Believe it or not, the transition from computer wiz to MMA fighter isn’t that much of a stretch. Listen to Joe Lauzon elaborate on his former role, and he may as well be talking about the latter.

“When I was younger, I used to ruin my computers just to see how they worked,” he says. “That way I could learn how to put them back together again. There’s something satisfying about figuring things out or trying to come up with solutions. It’s why I also liked math when I was growing up. I’ve just always loved the challenge of a problem.”

Lauzon not only loved it; he was damn good at it – so much that when he was a teenager, he was put on his high school’s payroll to repair and upgrade its computers. (When asked if he had access to change his own grades, he casually boasts, “I didn’t need to. I was an A student.”)

Almost a decade later, his natural talent is still put to good use. Only take motherboards, microchips, and other techie mumbo-jumbo and replace it with a man standing across the cage. He swears there’s no difference.

“You observe your opponent and just find the tough parts,” says Lauzon. “The problem solving also applies to me. I’m always asking myself, ‘How can I get better at fighting?’ and I’m constantly coming up with new ways to improve my game. It borders on an obsession.”

Lauzon’s analytical approach isn’t for everyone, but it works for him. Since wrapping up his college education with a degree in computer networking, he’s parlayed his skills into a promising career in the UFC lightweight division. First came the knockout of former champion Jens Pulver at the 48-second mark of Lauzon’s 2006 Octagon debut. (To no surprise, the brainiac says he juggled his senior project with training for the biggest fight of his life.) Next was an impressive run to the semi-finals of The Ultimate Fighter 5. Since then, the 25-year-old has finished almost every one of his fights, whether by TKO or one of various submissions.

But it hasn’t all been a cakewalk for Lauzon – to date, two separate issues have thrown a wrench into the equation.

The first and most recent obstacle was damage to his meniscus and ACL, which he suffered just one week after his victory over Jeremy Stephens at February 2008’s UFC Fight Night. In the blink of an eye, Lauzon went from headliner to sideliner. It’s a role he’s been relegated to for almost a year while working on knee rehabilitation.

“Physically it was okay,” he says. “I think anyone who fights is good at dealing with that side of things. But mentally it was very painful. I was in bed for almost four weeks before I even had surgery. Forget not being able to walk – imagine not even being able to hop to get around, and lying around while your muscles atrophy. It was just depressing.”

Wallowing is self-pity didn’t suit him though, and so just as quickly as he went into the hospital, he was out and back on the mats at Lauzon MMA.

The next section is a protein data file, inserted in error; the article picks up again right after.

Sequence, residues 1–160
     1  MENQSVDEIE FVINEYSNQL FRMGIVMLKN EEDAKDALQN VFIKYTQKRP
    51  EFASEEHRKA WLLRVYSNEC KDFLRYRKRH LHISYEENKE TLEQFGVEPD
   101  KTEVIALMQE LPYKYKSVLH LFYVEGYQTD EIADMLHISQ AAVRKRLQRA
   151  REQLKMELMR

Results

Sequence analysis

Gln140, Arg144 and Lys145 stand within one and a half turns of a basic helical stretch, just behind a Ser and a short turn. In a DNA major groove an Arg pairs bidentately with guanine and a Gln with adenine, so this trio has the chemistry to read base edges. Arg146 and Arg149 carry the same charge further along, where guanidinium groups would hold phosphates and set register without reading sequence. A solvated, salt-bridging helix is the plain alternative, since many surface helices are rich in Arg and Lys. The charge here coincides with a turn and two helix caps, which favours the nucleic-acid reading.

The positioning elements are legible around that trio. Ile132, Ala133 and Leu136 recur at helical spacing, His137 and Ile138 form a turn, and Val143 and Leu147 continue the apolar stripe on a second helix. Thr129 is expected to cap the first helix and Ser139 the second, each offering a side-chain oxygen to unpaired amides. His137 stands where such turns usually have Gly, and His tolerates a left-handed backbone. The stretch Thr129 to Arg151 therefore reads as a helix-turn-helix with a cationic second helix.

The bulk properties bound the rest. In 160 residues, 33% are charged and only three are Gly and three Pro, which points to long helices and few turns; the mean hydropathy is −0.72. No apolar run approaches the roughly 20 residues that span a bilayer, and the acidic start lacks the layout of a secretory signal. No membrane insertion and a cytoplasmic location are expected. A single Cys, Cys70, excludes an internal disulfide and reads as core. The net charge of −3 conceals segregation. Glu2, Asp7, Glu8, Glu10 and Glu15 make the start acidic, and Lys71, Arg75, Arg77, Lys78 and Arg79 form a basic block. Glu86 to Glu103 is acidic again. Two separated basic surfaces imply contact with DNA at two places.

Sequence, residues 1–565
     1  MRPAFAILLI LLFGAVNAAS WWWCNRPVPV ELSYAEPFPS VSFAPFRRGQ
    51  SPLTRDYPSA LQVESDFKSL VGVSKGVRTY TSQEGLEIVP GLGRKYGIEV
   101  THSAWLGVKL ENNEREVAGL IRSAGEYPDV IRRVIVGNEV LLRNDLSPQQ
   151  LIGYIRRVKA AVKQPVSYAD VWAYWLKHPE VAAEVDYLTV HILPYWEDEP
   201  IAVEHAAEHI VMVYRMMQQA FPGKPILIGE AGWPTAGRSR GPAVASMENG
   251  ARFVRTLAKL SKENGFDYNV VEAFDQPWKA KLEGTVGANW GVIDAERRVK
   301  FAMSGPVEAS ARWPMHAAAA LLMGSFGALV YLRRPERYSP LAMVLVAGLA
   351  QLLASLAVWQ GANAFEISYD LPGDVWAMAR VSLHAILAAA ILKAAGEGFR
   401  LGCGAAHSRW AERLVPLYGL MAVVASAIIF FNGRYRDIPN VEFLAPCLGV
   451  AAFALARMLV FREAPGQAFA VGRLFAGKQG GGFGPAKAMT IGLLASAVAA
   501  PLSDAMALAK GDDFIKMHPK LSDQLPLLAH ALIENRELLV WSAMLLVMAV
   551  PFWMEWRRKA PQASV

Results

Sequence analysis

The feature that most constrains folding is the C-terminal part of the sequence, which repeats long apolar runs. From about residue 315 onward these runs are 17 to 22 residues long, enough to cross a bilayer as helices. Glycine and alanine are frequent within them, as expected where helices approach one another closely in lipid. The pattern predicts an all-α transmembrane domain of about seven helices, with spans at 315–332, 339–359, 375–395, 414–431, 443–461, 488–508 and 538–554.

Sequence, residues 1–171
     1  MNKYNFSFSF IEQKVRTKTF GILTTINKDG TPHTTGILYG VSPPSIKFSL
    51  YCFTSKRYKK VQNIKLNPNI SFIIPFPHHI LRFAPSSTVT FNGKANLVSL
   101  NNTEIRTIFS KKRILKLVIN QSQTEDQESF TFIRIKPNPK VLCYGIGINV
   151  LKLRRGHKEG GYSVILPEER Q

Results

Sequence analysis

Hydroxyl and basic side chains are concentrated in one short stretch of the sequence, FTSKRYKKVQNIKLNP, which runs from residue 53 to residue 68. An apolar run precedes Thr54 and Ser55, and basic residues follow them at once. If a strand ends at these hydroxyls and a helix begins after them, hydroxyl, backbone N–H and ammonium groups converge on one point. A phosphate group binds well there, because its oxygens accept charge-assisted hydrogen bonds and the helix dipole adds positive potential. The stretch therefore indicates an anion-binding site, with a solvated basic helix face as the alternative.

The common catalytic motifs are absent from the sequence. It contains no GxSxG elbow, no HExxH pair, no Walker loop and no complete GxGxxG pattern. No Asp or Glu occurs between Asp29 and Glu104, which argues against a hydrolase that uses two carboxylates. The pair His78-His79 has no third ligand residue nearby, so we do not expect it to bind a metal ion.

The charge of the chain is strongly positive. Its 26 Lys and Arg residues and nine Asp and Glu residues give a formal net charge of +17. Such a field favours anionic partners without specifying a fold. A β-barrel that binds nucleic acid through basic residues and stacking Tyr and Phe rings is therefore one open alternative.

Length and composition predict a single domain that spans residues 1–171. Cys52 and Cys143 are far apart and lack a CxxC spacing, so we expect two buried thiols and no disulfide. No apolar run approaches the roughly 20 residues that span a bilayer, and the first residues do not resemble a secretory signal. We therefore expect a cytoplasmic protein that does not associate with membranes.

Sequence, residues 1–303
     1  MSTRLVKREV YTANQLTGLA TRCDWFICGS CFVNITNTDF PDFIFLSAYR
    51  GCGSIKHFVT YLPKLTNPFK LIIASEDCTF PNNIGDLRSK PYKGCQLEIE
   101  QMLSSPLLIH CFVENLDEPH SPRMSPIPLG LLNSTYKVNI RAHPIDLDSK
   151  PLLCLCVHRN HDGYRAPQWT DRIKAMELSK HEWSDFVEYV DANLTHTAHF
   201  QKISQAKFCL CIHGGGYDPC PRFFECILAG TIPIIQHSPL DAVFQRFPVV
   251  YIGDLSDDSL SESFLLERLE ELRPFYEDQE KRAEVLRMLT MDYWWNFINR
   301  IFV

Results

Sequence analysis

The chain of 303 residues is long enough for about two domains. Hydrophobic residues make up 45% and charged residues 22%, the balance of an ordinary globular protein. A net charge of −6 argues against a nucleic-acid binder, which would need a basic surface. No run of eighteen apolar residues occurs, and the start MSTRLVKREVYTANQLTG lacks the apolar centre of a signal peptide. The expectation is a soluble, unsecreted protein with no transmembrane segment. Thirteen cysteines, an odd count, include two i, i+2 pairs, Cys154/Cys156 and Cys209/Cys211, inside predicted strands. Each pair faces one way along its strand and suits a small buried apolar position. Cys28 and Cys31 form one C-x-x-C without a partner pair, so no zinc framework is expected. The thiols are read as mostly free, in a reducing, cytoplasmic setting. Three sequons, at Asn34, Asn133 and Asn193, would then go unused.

“I’ve been moving around for five months now and I way over-exceeded anyone’s expectations about my recovery,” says Lauzon. “Some people worry during training and check to see if I’m okay to keep going, but I like to think that I push myself harder than most people.”

First problem solved. But the second one hasn’t stopped nagging him for almost two years, and that’s his first and only UFC loss at the hands of fellow Massachusetts native Kenny Florian. Unable to find the answer to KenFlo’s strikes – at least not yet – Lauzon lost April 2008’s UFC Fight Night (his first headline event) by TKO in the second round.

“Honestly, it’s the only loss that gets to me,” he says. “I worked so hard and still got the short end of the stick. Once I was fouled

[ed.: Florian was warned for landing strikes to the back of the head], I felt my advantage was taken away. On one hand I’m happy when local guys like Kenny do well, but on that night, I think it should’ve been me.”

Quickly, Lauzon tempers his frustration with some perspective on the matter.

“It’s just tough to swallow,” he admits. “We both had one chance and he took advantage when he could and won, so I can’t really be that bitter. I can only hope for a chance at redemption.”

If he’s to get another shot in the future, Lauzon, 17-4, will first have to get past Canadian striker Sam “Hands of Stone” Stout, who he’ll face on January 2 at UFC 108.

Stout, who is 15-5-1, was last seen in April at UFC 97, where he won a unanimous decision over Matt Wiman. There were consecutive losses to Terry Etim and Rich Clementi just behind that, but Lauzon is confident that this match-up will be the kind that gets the entire MGM Grand Garden Arena on its feet.

“Looking at the entire lightweight roster, I thought Sam would be great a choice,” he says. “He’s always exciting and looking to beat people up, and I like guys like that. Put me in there with someone who has a different style, say a wrestler, and I think that there’s a chance of the fight being boring or lackluster, which I, or no one else, likes.”

Lauzon adds that despite both of their extended absences, he doesn’t expect either to show signs of ring rust.

“He’s either going to knock me out or I’m going to work my ground game and catch him in a submission,” he says in a matter-of-fact way. “And even if it doesn’t go my way, those are the kind of fights I want to give.”

Don’t get him wrong – Lauzon wants the win. And maybe another bonus award to add to the two he’s already earned. He also wants the Florian rematch and, eventually, the title. And you can bet he has a method for achieving it all. (Brace yourself for the last geeky metaphor.)

“The best way to tackle a big math problem is to work in parts,” he says. “You start by solving the easiest ones first. Same thing in fighting.”

If he can get them right, he’ll be one step closer to the big payoff.